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Are You Developing Learning by the Numbers?


Fri Jan 18 2013


You may have noticed that the L&D Community, since its arrival last year, has placed a strong emphasis on the evidence behind learning practices. With the blog series from Ruth Clark and events with David Rock and the NeuroLeadership Institute team for example, we've made a thoughtful effort to inform and support instructional designers and facilitators with content that dives deeper than the nice-to-do approaches that can seep into learning literature.

As the New Year takes shape, we will continue to develop offerings that focus on research and scholarly evidence. But I'm curious: What exactly does this kind of effort mean to you?


A bit over 15 years ago, medical professionals and content publishers helped push for something known as "evidence-based medicine." This was a long-held principle newly defined as "the conscientious, explicit and judicious use of current best evidence in making decisions about the care of individual patients."

Pretty comforting, right? After all, we feel a lot better knowing that our neighborhood family physicians, oncologists, and neurosurgeons are all doing their homework—absorbing the latest research and gathering findings to safely and confidently treat our ailments.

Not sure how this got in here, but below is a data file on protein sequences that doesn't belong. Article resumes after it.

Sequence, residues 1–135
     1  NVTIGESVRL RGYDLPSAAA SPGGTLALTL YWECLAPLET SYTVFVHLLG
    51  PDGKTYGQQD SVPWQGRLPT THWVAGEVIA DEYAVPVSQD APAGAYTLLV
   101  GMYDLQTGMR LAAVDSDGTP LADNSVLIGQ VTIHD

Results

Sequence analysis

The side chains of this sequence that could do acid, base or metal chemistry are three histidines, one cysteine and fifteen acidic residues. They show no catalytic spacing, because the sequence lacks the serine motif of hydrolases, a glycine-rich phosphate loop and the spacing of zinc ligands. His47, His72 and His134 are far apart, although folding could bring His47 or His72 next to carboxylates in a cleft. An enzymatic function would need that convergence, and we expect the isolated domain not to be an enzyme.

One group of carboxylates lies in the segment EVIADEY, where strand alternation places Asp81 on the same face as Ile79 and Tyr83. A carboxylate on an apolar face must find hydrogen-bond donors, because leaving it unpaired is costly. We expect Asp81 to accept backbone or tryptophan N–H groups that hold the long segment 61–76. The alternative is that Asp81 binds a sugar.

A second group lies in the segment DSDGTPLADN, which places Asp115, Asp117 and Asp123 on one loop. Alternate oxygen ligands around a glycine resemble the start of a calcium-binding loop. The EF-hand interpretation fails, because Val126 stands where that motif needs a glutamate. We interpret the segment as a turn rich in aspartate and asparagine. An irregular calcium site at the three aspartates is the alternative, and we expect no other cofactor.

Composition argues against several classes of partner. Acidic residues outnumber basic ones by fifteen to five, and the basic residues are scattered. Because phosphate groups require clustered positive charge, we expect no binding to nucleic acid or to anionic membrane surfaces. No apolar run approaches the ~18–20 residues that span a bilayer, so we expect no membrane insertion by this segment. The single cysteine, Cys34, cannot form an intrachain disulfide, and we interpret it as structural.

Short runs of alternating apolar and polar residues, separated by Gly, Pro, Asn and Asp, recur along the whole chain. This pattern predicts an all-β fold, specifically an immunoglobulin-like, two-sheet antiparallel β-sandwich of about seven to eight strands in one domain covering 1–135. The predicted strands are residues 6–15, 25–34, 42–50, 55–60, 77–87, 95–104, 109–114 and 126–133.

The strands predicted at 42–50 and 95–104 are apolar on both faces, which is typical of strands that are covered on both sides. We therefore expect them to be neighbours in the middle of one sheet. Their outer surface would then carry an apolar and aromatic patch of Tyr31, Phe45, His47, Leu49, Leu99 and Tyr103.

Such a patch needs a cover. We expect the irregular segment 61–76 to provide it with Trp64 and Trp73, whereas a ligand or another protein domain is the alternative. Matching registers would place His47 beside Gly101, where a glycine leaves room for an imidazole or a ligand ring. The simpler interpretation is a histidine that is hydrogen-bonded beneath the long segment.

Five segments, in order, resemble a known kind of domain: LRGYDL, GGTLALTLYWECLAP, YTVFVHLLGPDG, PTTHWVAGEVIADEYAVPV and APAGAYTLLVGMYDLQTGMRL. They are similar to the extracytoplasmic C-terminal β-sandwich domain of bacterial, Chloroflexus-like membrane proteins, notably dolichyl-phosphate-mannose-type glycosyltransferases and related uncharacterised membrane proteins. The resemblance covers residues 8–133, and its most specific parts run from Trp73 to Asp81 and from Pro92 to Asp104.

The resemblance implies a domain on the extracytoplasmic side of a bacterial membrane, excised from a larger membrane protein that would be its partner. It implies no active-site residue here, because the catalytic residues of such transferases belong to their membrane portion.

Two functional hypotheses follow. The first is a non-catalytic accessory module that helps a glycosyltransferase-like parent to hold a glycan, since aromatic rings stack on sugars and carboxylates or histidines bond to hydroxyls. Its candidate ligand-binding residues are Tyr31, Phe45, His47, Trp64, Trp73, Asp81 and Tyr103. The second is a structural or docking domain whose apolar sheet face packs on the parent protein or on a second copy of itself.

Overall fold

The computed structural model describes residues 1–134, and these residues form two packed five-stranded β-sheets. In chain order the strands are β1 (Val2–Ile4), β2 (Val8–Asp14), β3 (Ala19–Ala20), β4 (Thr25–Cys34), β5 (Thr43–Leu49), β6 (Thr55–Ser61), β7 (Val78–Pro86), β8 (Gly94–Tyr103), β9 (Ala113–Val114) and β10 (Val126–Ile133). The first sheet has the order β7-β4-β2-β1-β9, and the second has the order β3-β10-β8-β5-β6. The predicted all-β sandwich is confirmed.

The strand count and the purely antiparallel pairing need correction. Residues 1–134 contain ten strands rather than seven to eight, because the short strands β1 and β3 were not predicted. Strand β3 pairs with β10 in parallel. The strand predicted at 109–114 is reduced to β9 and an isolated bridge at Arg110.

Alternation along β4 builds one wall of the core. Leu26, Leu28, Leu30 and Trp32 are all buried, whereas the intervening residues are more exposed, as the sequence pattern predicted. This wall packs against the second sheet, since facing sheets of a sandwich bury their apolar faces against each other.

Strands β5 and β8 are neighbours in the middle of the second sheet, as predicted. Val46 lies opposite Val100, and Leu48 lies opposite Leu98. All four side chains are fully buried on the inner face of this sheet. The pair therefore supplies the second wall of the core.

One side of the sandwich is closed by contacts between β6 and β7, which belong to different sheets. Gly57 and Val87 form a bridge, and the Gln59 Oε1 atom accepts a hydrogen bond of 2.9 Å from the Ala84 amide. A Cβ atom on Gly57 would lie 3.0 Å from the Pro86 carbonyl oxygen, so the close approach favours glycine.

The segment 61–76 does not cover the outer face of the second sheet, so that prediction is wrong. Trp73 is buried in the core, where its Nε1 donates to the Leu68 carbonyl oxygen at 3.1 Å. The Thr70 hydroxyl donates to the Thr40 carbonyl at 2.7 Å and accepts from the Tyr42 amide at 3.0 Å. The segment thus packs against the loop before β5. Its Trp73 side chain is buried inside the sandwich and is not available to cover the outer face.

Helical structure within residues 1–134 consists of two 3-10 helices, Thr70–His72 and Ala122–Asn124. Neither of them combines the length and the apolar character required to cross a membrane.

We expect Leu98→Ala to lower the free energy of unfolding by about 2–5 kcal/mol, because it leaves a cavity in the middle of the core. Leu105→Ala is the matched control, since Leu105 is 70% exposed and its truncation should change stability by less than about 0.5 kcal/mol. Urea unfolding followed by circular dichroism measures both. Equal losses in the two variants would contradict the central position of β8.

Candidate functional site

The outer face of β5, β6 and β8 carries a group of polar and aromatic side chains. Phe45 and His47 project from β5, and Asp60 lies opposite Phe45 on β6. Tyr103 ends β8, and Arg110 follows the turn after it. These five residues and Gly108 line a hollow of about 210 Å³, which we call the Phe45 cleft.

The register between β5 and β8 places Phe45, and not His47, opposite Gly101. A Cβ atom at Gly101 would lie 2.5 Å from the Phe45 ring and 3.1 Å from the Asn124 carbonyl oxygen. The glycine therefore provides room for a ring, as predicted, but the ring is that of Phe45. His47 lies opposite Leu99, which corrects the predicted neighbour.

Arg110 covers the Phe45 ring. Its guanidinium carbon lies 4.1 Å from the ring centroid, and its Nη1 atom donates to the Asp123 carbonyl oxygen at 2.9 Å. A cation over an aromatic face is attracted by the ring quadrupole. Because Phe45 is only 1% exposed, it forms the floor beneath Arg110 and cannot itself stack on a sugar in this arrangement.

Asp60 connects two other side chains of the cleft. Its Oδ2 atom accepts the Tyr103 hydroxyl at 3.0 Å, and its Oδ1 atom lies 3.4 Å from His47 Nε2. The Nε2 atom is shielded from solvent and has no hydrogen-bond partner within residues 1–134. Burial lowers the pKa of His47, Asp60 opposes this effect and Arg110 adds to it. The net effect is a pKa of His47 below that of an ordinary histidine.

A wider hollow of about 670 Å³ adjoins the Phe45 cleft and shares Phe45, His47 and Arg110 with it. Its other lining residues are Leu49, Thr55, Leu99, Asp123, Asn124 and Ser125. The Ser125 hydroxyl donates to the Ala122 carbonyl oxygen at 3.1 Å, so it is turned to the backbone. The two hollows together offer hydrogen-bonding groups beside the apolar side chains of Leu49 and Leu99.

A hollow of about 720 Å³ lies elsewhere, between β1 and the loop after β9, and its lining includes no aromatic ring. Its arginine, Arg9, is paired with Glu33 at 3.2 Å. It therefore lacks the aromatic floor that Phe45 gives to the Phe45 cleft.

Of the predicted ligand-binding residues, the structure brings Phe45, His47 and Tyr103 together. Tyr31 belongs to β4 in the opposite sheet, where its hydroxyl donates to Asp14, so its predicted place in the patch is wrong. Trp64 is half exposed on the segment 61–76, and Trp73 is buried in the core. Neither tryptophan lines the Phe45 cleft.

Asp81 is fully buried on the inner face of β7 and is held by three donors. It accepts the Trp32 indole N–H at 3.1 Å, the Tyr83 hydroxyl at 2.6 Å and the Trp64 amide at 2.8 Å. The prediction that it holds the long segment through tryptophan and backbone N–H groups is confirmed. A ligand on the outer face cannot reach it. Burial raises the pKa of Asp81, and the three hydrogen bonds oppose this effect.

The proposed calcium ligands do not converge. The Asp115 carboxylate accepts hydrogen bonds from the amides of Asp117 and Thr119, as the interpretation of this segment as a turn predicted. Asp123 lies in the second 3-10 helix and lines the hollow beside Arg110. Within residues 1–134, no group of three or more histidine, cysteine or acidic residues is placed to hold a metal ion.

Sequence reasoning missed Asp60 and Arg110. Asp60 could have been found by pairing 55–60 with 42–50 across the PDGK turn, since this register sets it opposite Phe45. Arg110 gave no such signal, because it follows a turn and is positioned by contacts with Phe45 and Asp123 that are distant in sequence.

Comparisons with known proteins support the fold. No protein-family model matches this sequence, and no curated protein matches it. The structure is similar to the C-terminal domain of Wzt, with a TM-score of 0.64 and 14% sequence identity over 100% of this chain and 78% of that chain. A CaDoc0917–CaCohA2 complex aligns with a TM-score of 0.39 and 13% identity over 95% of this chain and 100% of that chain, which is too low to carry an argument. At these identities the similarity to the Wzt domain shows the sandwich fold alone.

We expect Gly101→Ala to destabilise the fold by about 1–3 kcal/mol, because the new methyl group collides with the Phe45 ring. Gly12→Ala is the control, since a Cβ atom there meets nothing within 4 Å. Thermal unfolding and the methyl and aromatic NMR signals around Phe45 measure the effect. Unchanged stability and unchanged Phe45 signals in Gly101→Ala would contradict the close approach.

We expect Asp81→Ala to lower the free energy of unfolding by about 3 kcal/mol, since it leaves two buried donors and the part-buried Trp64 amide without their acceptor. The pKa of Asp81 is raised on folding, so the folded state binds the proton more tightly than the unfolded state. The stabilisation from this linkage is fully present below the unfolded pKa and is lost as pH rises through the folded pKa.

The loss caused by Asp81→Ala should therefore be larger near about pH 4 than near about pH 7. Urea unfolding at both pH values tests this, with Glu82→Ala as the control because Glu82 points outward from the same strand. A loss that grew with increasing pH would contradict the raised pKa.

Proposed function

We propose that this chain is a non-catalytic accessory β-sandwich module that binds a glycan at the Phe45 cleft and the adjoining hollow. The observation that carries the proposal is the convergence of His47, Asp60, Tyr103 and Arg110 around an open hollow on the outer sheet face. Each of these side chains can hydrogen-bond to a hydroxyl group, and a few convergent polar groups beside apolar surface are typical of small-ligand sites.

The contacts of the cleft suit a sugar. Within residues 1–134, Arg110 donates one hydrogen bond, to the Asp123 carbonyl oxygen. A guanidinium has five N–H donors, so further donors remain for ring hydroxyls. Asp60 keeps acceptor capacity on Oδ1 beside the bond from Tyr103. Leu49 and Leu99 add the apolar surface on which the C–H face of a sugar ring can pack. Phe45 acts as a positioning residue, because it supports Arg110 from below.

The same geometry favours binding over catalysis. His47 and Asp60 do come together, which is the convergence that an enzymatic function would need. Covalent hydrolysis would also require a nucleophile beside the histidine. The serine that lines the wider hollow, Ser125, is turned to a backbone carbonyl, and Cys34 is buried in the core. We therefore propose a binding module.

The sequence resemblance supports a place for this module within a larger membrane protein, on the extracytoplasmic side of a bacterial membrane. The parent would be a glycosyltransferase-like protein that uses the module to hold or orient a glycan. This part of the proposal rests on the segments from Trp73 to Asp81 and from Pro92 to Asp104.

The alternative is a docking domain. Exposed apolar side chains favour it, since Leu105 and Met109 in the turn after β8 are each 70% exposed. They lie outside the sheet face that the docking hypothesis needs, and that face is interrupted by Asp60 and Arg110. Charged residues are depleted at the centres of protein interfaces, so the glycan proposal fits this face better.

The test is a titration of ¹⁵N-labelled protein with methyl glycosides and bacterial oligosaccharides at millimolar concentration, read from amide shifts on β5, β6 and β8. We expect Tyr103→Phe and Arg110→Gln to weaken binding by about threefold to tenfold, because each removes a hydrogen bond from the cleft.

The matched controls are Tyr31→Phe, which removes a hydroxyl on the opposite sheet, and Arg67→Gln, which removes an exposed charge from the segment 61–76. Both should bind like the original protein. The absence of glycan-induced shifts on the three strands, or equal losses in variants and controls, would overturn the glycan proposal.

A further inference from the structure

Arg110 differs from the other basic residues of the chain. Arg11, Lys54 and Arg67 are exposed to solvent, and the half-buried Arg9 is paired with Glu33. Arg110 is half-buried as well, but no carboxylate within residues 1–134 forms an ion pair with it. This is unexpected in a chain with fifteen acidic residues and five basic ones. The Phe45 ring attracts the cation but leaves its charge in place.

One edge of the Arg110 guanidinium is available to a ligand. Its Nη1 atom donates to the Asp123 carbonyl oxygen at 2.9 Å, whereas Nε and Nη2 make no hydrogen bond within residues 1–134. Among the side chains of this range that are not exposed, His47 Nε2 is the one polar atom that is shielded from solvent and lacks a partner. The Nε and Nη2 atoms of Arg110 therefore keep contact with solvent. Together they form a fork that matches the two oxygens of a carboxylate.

Granted, the science of medicine and the workplace development field are not exactly twin entities. But as new trends and learning solutions emerge, are learning professionals seeking the supporting numbers and evidence, or independently tracking the effectiveness of some of these new practices?

This might be way too many questions for one post. But one of the ISD Network Yammerers posted this site, which lists numerous open-access articles on L&D, and it got me thinking. Many of the authors collect, and draw conclusions based on, research from various higher-ed institutions. Others report original study data and findings. I share this link because like many others, I think research and evidence is so incredibly important to what L&D practitioners do. Why not be “conscientious, explicit and judicious” about it!

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